In-port 3D printing of marine parts comes a step nearer

Written by Nick Blenkey
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MAY 26, 2017 — Wilh. Wilhelmsen Holding ASA is collaborating with an additive-manufacturing specialist, Ivaldi Group, to explore in-port 3D printing opportunities for marine products and spare parts

“With an ambition to shape the maritime industry, exploring new technologies and business models are key,” says Thomas Wilhelmsen, group CEO at Wilhelmsen. “We are one of the largest suppliers of spare parts, and we believe that sending files and printing instructions digitally instead of spare parts can enable us to deliver faster, cheaper and more specialized products to our customers.”

“We see the future of supply as being on-demand, locally distributed and fully digitized,” says Espen Sivertsen, CEO of Ivaldi Group. “Wilhelmsen’s long history of innovation in the maritime industry, combined with our own expertise in additive manufacturing, represents a significant move towards a vision in which we can offer a solution that can deliver and print files and not part. By partnering to explore this space with us, Wilhelmsen just made that future a bit more real.”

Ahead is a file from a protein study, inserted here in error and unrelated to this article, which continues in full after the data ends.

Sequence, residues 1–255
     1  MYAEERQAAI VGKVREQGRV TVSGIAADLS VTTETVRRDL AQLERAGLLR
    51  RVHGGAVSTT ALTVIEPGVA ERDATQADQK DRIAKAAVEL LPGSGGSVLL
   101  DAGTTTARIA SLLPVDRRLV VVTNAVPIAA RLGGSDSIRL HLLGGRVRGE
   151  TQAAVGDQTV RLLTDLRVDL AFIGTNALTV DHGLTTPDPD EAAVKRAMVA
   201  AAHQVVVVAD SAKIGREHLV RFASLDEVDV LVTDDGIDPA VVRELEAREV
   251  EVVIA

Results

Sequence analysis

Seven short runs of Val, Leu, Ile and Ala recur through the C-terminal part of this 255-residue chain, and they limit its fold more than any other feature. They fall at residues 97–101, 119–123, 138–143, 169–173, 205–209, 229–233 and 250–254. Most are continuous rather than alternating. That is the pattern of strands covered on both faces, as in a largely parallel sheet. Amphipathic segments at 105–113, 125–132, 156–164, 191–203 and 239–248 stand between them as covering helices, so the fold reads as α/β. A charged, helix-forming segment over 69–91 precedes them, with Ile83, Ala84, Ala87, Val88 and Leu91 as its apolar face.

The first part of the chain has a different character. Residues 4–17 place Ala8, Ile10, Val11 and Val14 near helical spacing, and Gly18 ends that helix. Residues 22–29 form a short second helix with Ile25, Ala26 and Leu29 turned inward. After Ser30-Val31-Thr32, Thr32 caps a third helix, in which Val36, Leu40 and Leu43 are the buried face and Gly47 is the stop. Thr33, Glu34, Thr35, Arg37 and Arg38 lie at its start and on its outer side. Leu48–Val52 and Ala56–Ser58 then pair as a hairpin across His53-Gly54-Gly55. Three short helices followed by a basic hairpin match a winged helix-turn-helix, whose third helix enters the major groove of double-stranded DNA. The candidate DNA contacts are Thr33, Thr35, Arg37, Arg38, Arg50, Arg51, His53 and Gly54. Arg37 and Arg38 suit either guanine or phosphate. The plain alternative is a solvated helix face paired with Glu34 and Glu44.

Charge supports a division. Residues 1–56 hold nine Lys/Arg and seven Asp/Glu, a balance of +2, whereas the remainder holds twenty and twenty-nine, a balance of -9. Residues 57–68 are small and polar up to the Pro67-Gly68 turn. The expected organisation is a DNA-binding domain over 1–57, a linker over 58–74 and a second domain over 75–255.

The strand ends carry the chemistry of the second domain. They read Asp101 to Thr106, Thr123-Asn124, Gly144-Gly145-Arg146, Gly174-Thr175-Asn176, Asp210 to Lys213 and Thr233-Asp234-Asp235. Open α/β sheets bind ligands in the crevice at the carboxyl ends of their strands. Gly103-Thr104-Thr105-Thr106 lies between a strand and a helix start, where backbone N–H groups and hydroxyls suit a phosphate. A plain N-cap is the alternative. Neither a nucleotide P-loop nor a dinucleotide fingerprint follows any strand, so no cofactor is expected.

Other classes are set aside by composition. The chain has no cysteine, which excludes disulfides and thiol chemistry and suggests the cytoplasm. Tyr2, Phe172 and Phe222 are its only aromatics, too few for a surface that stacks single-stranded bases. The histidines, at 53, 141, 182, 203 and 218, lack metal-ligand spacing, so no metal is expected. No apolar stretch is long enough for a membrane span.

“The technology is not new, but we have yet to see this put into a larger, commercialized setting in the maritime industry. Through a partnership with Ivaldi Group, we can soon offer a completely new way of suppling parts to our customers world-wide,” says Mr. Wilhelmsen. “Rapid design changes and the ability to quickly bring new solutions to our customers makes 3D printing an attractive solution and the technology opens up several new possibilities.”

“Our research shows that we should be able to reduce delivery time from three-four weeks to as little as 24 hours,” says Mr. Sivertsen.”Printing on-demand will also reduce costs associated with minimum order quantities, storage, transportation and possible delays due to import.”

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